The developed HVACP pre-treatment technology is a promising method for valourizing tomato processing by-products with high nutritional values. More treatments are required to be tested in order to provide scientific insights into the mechanisms and kinetics of cold plasma-induced surface modification and bioactive oxidation in plant materials. Furthermore, other operating parameters of cold plasma, such as working gas and voltage have to be studied to determine the optimal treatment for phenolic compounds extraction.
The findings of this study can serve as the groundwork to scale up the HVACP pre-treatment for valourizing more agricultural by-products with high nutritional values, while mitigating associated environmental burdens. Additionally, it has great potential for recovering other bioactives from different agriculture wastes, which can be utilized as functional food ingredients and nutraceuticals. To ensure that this process is affordable and also add profits, reviewing capital and operational costs would not be sufficient, but would actually require a comprehensive techno-economic analysis to be performed.
Table 1: Extraction of bioactive compounds by Cold Plasma technology
1. Bao, Y., Reddivari, L., & Huang, J.-Y. (2020a). Development of cold plasma pretreatment for improving phenolics extractability from tomato pomace. Innovative Food Science \& Emerging Technologies, 65, 102445.
2. Bao, Y., Reddivari, L., & Huang, J.-Y. (2020b). Enhancement of phenolic compounds extraction from grape pomace by high voltage atmospheric cold plasma. LWT, 133, 109970.
3. Faria, G. Y. Y., Souza, M. M., Oliveira, J. R. M., Costa, C. S. B., Collares, M. P., & Prentice, C. (2020). Effect of ultrasound-assisted cold plasma pretreatment to obtain sea asparagus extract and its application in Italian salami. Food Research International, 137, 109435.
4. Keshavarzi, M., Najafi, G., Ahmadi Gavlighi, H., Seyfi, P., & Ghomi, H. (2020). Enhancement of polyphenolic content extraction rate with maximal antioxidant activity from green tea leaves by cold plasma. Journal of Food Science, 85(10), 3415-3422.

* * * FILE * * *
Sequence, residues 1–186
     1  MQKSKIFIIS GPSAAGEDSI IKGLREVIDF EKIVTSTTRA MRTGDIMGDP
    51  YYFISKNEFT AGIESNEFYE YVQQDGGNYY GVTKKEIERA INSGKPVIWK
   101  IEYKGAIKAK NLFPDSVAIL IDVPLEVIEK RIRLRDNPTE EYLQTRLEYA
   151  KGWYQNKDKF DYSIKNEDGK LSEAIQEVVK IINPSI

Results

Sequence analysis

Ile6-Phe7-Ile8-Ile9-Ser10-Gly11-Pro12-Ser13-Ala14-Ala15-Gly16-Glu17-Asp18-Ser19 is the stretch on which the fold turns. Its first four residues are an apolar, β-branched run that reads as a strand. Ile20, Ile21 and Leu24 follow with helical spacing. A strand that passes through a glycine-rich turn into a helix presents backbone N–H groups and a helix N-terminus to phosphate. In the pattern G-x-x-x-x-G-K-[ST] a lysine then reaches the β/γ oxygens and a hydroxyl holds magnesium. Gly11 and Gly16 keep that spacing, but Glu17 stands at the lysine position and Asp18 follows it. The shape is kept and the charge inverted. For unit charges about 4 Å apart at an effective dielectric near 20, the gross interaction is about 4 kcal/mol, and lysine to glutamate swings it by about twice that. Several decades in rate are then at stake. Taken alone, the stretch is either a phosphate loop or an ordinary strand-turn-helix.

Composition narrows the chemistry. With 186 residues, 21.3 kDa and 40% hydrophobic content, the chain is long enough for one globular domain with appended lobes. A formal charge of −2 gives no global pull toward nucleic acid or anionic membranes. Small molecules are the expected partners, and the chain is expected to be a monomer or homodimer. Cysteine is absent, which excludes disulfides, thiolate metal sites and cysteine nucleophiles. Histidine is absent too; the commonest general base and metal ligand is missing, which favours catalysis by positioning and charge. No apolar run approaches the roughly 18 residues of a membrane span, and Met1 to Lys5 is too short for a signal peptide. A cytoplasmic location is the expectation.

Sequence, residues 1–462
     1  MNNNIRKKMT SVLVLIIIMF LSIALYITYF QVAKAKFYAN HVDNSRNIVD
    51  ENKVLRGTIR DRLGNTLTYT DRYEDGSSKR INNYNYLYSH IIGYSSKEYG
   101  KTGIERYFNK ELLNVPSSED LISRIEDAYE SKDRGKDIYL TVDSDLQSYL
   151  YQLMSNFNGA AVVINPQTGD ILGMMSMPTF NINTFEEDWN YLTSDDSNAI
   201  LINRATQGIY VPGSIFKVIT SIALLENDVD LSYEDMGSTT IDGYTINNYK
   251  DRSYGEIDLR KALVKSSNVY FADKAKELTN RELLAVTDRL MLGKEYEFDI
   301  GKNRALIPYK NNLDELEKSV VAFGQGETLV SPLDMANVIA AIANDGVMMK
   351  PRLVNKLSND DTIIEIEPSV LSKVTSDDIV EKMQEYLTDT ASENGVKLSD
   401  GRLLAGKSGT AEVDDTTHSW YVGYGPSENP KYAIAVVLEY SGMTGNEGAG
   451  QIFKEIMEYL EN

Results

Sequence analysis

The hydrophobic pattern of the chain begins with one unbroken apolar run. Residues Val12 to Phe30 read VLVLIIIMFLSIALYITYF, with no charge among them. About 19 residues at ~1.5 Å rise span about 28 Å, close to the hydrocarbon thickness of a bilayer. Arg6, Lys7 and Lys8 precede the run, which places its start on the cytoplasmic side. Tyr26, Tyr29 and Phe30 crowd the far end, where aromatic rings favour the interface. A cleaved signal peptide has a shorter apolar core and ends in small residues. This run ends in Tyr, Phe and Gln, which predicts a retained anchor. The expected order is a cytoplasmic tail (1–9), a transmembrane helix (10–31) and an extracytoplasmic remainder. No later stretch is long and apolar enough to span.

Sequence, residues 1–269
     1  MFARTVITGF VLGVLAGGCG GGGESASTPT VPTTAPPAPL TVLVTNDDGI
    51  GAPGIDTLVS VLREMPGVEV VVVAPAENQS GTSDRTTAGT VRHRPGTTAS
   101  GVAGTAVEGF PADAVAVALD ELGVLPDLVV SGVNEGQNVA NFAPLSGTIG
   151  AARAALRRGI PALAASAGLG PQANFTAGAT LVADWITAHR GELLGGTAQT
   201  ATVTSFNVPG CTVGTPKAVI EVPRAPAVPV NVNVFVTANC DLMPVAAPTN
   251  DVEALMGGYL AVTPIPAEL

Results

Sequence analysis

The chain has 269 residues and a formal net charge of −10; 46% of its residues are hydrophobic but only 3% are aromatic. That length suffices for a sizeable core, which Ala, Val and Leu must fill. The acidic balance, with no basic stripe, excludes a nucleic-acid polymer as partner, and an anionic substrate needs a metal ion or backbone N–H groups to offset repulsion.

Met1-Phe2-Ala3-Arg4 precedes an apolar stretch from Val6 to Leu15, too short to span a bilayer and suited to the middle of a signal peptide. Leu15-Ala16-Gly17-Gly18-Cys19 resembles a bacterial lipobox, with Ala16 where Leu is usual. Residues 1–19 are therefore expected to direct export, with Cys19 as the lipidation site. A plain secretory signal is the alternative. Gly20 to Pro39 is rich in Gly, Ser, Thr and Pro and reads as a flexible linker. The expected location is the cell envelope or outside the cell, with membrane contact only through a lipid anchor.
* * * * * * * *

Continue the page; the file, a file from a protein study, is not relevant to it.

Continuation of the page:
5. Mehta, D., Yadav, K., Chaturvedi, K., Shivhare, U. S., & Yadav, S. K. (2022). Impact of Cold Plasma on Extraction of Polyphenol From De-Oiled Rice and Corn Bran: Improvement in Extraction Efficiency, In Vitro Digestibility, Antioxidant Activity, Cytotoxicity and Anti-Inflammatory Responses. Food and Bioprocess Technology, 1–15.
6. Pragna, C. H., Gracy, T. K. R., Mahendran, R., & Anandharamakrishnan, C. (2019). Effects of microwave and cold plasma assisted hydrodistillation on lemon peel oil extraction. International Journal of Food Engineering, 15(10).
7. Rashid, F., Bao, Y., Ahmed, Z., & Huang, J.-Y. (2020). Effect of high voltage atmospheric cold plasma on extraction of fenugreek galactomannan and its physicochemical properties. Food Research International, 138, 109776.
8. Rezaei, S., Ghobadian, B., Ebadi, M.-T., & Ghomi, H. (2020). Qualitative and quantitative assessment of extracted oil from Camelina sativa seed treated by dielectric-barrier discharge cold plasma. Contributions to Plasma Physics, 60(9), e202000032.
9. Zhang, X.-L., Zhong, C.-S., Mujumdar, A. S., Yang, X.-H., Deng, L.-Z., Wang, J., & Xiao, H.-W. (2019). Cold plasma pretreatment enhances drying kinetics and quality attributes of chili pepper (Capsicum annuum L.). Journal of Food Engineering, 241, 51–57.
About the Authors:
Sangeetha Karunanithi*, Gnana Moorthy Eswaran, Proshanta Guha & Prem Prakash Srivastav
Department of Agricultural & Food Engineering,
Indian Institute of Technology, Kharagpur,
West Bengal – 721302, India.
Email ID: email@example.com
The views/opinions expressed by authors on this website solely reflect the author(s) and do not necessarily reflect the views/opinions of the Editors/Publisher. Neither the Editors nor the Publisher can be held responsible and liable for consequences that may arise on account of errors/omissions appearing in the Articles/Opinions.